Allocation of Family Responsibility for Illness Management
in Pediatric HIV
Sylvie Naar-King,1PHD, Grace Montepiedra,2PHD, Sharon Nichols,3PHD, John Farley,4MD,
Patricia A. Garvie,5PHD, Betsy Kammerer,6PHD, Kathleen Malee,7PHD, Patricia A. Sirois,8PHD,
Deborah Storm,9PHD, RN, and PACTG P1042S Team*
1Carman and Ann Adams Department of Pediatrics, Wayne State University,2Department of Biostatistics,
Harvard School of Public Health, Center for Biostatistics in AIDS Research,3Department of Neurosciences,
University of California,4Department of Pediatrics, University of Maryland School of Medicine,5Division of
Behavioral Medicine, St Jude Children’s Research Hospital,6Department of Psychiatry, Children’s Hospital
Boston,7Department of Child and Adolescent Psychiatry, Children’s Memorial Hospital,8Department of
Pediatrics, Tulane University Health Sciences Center, and9University of Medicine and Dentistry of New Jersey,
Franc ¸ois-Xavier Bagnoud Center
in families of children and adolescents perinatally infected with HIV.
(ages 8–18) and caregivers completed family responsibility and medication adherence questionnaires as part
of a substudy of Pediatric AIDS Clinical Trials Group protocol 219c.
of the youth reported being fully responsible for taking medications. A smaller percentage of caregivers
reported full youth responsibility. Older youth and caregivers of older youth reported higher degree of
youth responsibility for medication-related tasks, though age was unrelated to adherence. Caregiver report
of greater responsibility for medications was associated with better adherence.
are likely to transition responsibility for HIV care to older youth but this transition was not always successful
as evidenced by poor medication adherence. Interventions supporting successful transition may improve
adherence and subsequently health outcomes in pediatric HIV.
The purpose of the study is to describe allocation of responsibility for illness management
MethodsA total of 123 youth
Results Approximately one-fourth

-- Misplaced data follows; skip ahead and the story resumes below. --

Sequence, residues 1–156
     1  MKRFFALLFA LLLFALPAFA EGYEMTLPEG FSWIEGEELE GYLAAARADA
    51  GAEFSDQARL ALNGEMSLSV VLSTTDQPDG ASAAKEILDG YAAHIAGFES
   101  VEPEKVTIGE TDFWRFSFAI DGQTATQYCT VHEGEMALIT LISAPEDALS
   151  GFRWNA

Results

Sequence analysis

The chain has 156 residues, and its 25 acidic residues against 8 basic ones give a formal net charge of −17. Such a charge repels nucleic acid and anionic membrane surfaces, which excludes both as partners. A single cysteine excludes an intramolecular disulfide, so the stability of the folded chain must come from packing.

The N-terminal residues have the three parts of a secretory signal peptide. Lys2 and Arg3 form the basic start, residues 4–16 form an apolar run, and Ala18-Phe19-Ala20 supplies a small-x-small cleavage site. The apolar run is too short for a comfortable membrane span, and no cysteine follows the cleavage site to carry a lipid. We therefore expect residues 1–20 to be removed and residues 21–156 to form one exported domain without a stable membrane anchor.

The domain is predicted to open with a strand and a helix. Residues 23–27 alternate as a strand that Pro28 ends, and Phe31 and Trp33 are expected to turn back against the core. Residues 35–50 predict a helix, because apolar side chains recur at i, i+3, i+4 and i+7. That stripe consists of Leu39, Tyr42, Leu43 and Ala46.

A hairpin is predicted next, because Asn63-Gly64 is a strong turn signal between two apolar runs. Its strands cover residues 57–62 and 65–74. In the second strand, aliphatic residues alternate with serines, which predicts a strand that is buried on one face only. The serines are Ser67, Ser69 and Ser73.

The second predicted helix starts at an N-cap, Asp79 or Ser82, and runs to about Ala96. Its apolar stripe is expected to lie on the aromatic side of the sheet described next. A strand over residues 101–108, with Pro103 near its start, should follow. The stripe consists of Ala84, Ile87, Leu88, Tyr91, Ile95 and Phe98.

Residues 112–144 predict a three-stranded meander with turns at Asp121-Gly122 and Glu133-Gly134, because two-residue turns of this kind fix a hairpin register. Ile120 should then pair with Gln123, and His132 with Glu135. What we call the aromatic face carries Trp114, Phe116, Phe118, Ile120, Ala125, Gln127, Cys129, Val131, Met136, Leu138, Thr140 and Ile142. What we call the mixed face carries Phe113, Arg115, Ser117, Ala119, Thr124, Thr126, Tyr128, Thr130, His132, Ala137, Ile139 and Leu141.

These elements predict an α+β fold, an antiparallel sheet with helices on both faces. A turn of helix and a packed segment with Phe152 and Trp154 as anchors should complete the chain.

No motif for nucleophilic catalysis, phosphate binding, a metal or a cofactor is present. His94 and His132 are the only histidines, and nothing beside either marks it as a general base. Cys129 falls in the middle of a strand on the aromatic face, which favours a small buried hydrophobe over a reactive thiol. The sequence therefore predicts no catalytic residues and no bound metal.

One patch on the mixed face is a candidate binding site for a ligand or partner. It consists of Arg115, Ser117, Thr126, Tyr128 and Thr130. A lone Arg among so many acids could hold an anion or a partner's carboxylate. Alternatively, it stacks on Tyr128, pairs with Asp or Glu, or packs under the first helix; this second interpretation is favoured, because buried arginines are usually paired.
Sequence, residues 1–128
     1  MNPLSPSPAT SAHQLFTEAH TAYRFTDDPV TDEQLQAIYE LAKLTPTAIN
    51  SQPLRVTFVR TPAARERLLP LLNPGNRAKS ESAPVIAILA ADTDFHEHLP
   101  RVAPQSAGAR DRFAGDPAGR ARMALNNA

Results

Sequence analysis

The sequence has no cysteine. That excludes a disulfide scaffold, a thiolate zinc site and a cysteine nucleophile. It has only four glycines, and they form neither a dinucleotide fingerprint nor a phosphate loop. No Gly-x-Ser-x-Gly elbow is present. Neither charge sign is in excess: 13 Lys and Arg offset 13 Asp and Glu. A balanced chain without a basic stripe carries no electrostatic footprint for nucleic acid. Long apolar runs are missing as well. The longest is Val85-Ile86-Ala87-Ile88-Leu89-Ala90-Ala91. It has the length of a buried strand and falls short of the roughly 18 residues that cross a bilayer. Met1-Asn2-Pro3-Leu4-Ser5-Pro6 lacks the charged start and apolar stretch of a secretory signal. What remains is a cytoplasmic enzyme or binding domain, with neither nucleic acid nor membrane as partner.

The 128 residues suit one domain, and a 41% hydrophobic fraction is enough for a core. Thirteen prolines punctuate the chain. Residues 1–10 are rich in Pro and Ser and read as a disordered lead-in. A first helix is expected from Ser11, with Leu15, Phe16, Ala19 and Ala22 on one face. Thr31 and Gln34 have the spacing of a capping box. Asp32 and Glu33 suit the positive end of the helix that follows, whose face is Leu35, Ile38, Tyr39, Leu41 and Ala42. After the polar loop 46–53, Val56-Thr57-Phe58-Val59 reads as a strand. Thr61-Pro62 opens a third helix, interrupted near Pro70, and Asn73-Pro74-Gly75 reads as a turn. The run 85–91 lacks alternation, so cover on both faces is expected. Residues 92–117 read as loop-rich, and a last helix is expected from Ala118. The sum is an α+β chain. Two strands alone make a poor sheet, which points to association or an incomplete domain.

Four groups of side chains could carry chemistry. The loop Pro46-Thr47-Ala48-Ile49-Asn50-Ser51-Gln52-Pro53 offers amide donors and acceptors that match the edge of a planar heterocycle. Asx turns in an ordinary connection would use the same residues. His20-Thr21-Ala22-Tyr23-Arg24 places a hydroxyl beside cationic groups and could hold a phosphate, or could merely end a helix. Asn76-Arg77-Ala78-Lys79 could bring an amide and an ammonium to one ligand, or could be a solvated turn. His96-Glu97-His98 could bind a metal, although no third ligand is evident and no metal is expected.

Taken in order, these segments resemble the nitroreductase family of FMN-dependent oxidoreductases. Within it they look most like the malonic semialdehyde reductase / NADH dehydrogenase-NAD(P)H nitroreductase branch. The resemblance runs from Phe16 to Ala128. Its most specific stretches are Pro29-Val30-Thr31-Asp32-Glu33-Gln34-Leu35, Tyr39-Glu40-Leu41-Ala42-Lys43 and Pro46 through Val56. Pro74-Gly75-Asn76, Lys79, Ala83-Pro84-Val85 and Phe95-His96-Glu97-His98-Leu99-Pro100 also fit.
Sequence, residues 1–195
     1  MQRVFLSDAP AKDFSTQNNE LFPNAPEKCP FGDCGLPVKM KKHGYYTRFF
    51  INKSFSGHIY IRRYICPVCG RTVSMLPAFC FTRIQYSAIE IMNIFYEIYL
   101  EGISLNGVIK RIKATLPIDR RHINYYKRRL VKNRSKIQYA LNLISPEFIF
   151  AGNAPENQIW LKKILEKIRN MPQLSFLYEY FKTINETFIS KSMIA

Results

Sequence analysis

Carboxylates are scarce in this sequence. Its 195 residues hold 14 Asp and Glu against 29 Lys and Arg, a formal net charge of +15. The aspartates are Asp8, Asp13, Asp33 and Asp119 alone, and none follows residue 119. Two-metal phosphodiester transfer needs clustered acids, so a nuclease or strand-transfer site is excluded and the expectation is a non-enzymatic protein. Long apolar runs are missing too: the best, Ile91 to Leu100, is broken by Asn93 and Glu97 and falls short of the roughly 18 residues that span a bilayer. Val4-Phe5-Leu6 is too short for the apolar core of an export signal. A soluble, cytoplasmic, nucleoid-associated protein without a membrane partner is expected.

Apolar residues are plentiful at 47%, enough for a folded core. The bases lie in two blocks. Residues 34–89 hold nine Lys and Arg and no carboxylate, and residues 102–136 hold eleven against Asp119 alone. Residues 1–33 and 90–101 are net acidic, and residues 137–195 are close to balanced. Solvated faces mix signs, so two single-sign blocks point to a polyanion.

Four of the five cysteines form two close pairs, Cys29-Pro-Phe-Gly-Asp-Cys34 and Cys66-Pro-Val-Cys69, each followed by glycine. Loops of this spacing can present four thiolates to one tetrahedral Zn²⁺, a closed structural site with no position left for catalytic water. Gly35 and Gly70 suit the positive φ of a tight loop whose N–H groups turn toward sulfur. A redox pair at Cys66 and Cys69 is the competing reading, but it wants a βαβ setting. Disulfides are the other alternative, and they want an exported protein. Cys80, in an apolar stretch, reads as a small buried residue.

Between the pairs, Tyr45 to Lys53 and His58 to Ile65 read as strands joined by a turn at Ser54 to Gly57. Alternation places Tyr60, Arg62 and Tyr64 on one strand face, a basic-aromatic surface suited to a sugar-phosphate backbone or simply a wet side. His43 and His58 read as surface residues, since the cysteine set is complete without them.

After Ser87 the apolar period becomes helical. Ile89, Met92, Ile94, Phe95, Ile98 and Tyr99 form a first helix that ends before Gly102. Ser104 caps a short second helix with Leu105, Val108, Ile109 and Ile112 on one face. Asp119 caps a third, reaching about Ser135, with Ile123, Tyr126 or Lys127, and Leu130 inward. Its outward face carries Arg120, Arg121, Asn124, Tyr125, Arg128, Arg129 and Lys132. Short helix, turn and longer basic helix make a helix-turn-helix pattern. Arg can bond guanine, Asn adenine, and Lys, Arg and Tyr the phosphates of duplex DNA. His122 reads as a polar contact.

Key wordsadherence; adolescents; children; HIV/AIDS; parents.
Protease inhibitor therapy and aggressive multidrug regi-
mens have increased the likelihood that children perina-
tally infected with HIV will survive into adolescence and
young adulthood. Improved understanding of the patho-
genesis of HIV and viral activity has suggested that medica-
tion adherence must be nearly perfect to minimize viral
load and prevent drug resistance (Paterson et al., 1999).
Unfortunately, treatment for HIV presents special chal-
lenges for adherence. Antiretroviral (ART) medications
often involve demanding dosing schedules and have sig-
nificant adverse effects. Because pediatric HIV most often
affects disadvantaged families through maternal–child
transmission, illness management may be affected by
family and caregiver issues such as parental illness and
stress, substance abuse, lack of adequate support net-
works, loss and change of caregivers, and poor access to
healthcare resources. Additional adherence challenges
related to HIV infection include potential cognitive and
learning limitations and the stigma of the disease.
Studies of youth with other pediatric chronic medical
conditions suggest adherence to treatment regimens dete-
riorates in adolescence (Drotar & Ievers, 1994), and medi-
cation adherence in pediatric HIV has been found to
decline as children grow older (Mellins, Brackis-Cott,
Dolezal, & Abrams, 2004; Williams et al., 2006). Parents
tend to decrease their involvement and supervision of their
*The institutions and individuals that participated in the PACTG Protocol 1042S are listed in the Appendix.
All correspondence concerning this article should be addressed to Sylvie Naar-King, Pediatric Prevention Research Center, University Health
Center 6D5, 4201St Antoine, Detroit, MI 48210, USA. E-mail: firstname.lastname@example.org
Journal of Pediatric Psychology 34(2) pp. 187–194, 2009
Advance Access publication June 27, 2008
Journal of Pediatric Psychology vol. 34 no. 2 ? The Author 2008. Published by Oxford University Press on behalf of the Society of Pediatric Psychology.
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